Data Consumer

Data consumers are third parties with whom end users have consented to share their financial data. In turn, data consumers use it as part of their onboarding, verification, underwriting, or personalization processes.

Data Enrichment

Data enrichment is the process of transforming raw data into understandable, usable, and valuable information.

Data Provider

Data providers are organizations—such as financial institutions—that produce and store financial data based on their end users’ activities.

Back to top ↑


Embedded Finance

Embedded finance is a trend in which non-financial service providers can offer a growing array of financial services.

End User

In an open banking ecosystem, end users are the owners of financial data empowered to share it with the third parties of their choosing. It’s important to note that businesses, not just consumers, can be end users.

Back to top ↑



Fintech is a compound word for “financial technology.” It’s a catch-all term for any technology that’s used to augment, streamline, digitize or disrupt traditional financial services.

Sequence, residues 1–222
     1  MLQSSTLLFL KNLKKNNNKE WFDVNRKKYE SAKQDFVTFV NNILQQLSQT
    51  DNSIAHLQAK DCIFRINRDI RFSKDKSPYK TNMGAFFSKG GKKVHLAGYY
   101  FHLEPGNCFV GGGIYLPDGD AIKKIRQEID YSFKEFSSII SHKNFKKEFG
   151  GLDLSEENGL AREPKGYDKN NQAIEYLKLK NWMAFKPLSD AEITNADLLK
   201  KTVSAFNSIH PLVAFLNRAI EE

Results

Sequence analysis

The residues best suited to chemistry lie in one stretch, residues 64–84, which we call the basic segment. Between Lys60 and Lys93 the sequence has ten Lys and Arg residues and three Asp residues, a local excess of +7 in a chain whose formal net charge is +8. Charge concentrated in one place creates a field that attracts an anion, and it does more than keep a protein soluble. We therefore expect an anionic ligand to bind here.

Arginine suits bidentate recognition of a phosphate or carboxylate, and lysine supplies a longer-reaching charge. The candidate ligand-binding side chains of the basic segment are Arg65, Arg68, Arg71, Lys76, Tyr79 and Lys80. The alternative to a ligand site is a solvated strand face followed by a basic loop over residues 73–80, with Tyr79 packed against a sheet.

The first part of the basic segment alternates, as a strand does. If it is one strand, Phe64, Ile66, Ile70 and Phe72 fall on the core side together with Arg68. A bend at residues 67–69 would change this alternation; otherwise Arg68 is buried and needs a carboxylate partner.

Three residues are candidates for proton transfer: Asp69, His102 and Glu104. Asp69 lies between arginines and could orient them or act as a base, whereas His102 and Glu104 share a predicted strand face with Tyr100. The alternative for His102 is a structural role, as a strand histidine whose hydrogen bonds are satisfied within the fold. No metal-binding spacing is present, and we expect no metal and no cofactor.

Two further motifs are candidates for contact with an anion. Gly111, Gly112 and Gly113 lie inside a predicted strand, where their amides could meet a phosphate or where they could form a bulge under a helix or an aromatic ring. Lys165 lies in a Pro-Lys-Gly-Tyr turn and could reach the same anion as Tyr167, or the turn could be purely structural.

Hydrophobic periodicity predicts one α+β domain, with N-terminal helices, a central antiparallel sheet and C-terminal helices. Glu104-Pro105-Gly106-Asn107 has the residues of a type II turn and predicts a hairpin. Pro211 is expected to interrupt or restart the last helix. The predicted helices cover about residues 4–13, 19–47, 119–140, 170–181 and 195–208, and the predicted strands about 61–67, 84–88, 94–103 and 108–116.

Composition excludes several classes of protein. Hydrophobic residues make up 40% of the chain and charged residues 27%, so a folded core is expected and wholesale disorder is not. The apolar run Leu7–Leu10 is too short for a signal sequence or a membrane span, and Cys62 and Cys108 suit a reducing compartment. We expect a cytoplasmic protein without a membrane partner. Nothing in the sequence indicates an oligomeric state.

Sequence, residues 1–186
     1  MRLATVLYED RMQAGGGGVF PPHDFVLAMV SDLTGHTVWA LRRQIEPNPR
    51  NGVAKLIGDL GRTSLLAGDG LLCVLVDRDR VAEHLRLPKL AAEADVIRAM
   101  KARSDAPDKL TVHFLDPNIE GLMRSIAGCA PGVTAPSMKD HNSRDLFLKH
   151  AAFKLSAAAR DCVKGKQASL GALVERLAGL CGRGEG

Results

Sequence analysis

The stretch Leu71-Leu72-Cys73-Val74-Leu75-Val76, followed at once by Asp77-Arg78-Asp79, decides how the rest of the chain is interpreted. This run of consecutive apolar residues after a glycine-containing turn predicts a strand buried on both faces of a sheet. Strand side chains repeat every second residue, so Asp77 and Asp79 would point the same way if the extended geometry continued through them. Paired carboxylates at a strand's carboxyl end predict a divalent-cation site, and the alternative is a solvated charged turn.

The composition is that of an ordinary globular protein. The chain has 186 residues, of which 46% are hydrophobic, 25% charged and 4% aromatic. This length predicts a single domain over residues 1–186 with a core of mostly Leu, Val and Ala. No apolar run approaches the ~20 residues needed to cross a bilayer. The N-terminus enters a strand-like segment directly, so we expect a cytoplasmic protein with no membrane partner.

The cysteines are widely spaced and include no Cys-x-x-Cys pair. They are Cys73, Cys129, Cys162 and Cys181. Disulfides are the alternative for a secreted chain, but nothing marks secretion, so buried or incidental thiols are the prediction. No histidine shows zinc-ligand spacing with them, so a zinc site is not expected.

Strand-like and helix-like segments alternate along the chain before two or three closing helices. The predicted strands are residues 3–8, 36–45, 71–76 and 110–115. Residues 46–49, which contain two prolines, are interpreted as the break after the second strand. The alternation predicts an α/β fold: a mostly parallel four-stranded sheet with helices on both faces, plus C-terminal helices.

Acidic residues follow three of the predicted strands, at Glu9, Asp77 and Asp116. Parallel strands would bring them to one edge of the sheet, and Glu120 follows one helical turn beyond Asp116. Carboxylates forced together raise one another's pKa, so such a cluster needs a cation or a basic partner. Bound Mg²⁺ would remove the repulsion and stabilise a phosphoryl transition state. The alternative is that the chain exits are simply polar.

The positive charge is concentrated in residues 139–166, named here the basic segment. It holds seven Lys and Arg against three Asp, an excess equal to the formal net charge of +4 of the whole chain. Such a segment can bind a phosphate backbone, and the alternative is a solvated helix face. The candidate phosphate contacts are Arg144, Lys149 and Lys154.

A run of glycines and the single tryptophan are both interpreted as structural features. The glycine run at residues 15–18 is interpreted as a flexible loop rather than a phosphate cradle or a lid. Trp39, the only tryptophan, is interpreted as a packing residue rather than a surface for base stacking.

Back to top ↑


Instant Bank Verification (IBV)

Instant Bank Verification (IBV) provides lenders with real-time transactional data, as well as KYC information and account details, sourced directly from borrowers’ financial accounts.

Back to top ↑


Know Your Customer (KYC)

KYC is the process performed by financial service providers who need to verify their potential customers’ personal and financial information before fully onboarding them. 

Open banking simplifies this process by enabling end users to instantly share KYC-related information through data connectivity.

Back to top ↑


Open Authorization (OAuth)

OAuth is an open-standard authorization protocol or framework that describes how unrelated servers and services can safely allow authenticated access to their assets without actually sharing the initial, related, single login credential.